Below a version that has been gilded. Probably to get the shiny look without frequent polishing. Again from the Kloër estate so certainly a period item as worn!
A closer study of the period photo’s shown further above also reveal that the eyelet beneath the wing often was already broken off in regular wear. The wings sometimes show other defects too.
Second strike – 1949 or 1950?
The version found often in collections is the later strike, sometimes called the second strike, other times the third strike depending on the source. This version is always in brass, no other versions exist and it is slightly different from the first strike version discussed above.
All clear/high quality period pictures up to 1949 show the first strike examples only. That leads to my hypothesis this later strike is either very late production (1949/50) in Indonesia or production in the Netherlands. This in order to replace missing and broken wings of the first type upon or after the return to the Netherlands. Probably the original dye had been worn out over time as can been seen in the quality of some later first strike examples
Several men in a magazine article can be seen with this later type of wing shortly after their arrival in the Netherlands.
Differences are: Guard of the blade passes the second line of the parachute (counting from left). Blade is longer. Hand is thicker. Arm is shorter. Wreath is more crudely designed. Chute is thicker. Overall the material is thicker than in the first strikes. You can compare both versions below.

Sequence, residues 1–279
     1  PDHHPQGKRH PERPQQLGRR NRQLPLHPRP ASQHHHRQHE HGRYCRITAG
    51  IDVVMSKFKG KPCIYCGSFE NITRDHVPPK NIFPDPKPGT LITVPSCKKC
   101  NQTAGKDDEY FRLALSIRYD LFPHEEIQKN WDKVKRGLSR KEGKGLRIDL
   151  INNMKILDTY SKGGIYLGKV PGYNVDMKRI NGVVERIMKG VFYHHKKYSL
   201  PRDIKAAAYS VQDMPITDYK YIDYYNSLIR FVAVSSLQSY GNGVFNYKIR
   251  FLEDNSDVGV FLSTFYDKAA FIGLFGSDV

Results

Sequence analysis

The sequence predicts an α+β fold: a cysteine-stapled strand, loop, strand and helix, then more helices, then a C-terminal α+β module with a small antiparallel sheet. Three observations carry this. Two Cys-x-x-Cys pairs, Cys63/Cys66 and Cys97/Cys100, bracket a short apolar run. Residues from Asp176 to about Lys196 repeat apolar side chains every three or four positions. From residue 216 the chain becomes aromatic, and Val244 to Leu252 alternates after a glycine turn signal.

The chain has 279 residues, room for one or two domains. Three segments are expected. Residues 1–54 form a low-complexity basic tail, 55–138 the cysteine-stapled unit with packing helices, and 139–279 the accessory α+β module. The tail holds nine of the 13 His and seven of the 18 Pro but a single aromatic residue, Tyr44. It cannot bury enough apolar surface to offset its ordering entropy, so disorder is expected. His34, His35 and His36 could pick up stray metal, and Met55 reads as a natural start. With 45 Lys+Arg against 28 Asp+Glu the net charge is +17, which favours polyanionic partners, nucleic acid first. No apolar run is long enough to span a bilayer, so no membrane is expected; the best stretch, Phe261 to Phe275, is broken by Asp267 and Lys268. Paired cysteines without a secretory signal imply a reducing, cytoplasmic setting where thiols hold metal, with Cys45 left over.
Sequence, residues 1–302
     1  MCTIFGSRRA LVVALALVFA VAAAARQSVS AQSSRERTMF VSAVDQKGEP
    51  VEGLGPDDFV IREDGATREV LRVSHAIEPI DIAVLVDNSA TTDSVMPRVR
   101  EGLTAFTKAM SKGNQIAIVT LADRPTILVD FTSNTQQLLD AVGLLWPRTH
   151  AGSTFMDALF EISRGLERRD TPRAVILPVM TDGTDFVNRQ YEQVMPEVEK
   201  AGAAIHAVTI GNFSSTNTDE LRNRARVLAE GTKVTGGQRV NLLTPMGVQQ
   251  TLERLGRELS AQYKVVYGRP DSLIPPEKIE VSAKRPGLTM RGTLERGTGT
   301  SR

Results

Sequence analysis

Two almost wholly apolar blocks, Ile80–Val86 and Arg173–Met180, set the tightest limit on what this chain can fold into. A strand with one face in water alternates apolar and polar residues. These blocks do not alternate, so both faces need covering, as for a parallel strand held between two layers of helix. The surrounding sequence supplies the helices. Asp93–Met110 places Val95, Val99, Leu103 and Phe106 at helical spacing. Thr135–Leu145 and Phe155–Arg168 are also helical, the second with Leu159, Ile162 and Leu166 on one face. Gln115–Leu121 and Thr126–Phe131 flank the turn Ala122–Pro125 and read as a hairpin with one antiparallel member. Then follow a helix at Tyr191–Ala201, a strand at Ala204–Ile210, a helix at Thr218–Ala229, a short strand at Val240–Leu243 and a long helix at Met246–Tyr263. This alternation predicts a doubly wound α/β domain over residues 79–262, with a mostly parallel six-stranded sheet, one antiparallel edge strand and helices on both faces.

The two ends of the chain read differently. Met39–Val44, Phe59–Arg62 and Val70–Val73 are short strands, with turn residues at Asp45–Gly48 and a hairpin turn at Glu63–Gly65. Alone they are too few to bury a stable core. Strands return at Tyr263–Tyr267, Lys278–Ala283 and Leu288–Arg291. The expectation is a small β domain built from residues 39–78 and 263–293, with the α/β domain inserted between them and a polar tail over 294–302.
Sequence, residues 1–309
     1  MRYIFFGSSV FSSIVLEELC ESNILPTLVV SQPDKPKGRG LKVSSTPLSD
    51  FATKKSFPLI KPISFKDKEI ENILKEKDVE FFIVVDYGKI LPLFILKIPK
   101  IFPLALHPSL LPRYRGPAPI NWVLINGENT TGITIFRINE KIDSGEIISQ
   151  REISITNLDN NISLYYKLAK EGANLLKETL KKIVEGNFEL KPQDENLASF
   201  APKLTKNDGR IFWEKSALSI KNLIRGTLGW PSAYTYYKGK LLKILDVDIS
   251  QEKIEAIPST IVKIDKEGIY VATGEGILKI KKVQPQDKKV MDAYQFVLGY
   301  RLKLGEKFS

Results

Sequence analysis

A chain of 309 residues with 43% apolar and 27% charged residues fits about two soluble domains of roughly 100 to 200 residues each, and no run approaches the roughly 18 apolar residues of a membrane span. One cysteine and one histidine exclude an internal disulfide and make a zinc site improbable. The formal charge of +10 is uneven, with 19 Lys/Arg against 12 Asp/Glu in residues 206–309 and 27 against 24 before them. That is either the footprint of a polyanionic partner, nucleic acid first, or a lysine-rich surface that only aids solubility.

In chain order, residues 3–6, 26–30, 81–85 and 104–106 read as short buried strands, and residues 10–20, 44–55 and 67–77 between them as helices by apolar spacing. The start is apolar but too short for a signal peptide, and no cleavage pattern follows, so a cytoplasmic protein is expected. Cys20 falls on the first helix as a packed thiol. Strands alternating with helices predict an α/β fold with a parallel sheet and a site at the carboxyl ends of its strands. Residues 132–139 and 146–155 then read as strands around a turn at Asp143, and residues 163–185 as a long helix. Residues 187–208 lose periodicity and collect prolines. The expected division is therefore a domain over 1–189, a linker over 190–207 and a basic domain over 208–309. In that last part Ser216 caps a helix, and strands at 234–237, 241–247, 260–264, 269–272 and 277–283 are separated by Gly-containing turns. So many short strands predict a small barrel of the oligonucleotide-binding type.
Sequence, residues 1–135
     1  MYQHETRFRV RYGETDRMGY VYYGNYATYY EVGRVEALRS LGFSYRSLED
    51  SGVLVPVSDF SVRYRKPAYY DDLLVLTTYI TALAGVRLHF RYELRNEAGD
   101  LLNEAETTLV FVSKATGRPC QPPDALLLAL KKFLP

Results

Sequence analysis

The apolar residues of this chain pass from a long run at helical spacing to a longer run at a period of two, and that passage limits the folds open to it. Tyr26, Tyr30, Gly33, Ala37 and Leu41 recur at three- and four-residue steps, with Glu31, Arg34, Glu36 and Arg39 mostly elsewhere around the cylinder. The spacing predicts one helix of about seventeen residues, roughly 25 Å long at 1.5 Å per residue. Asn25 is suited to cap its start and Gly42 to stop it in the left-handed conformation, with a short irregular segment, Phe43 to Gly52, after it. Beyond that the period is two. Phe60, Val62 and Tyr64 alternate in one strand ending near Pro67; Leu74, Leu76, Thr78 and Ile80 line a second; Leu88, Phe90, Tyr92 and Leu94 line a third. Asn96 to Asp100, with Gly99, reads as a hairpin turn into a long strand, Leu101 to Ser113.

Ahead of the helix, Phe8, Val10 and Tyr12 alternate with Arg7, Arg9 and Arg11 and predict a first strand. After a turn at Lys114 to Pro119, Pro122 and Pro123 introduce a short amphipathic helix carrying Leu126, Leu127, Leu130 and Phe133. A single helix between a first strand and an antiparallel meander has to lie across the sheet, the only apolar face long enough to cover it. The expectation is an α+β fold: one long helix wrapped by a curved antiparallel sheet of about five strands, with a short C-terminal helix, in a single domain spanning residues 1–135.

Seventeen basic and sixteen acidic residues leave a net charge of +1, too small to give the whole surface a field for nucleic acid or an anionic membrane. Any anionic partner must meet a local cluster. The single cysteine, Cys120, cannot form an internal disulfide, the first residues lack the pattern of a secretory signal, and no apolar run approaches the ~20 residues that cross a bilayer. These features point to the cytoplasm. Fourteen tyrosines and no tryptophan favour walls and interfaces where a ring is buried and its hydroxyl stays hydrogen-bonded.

Below a photo from 1950s – in the Netherlands with a second/later strike wing being worn. These wings were worn up to 1954/55 within the army.
Return to Holland
Of 800 men of the Regiment Speciale Troepen only around 400 were Airborne qualified. Of the total of 800 men some 400 chose to stay in Indonesia. Around 250 were brought to the Netherlands in the first half of 1950. Around 125 Speciale Troepen participants of the APRA first had to finish their prison sentence before being discharged (dishonorably). Many of these men went to Holland, despite the way they were treated by the government, as it was safer for them and their families.
Version of unknown background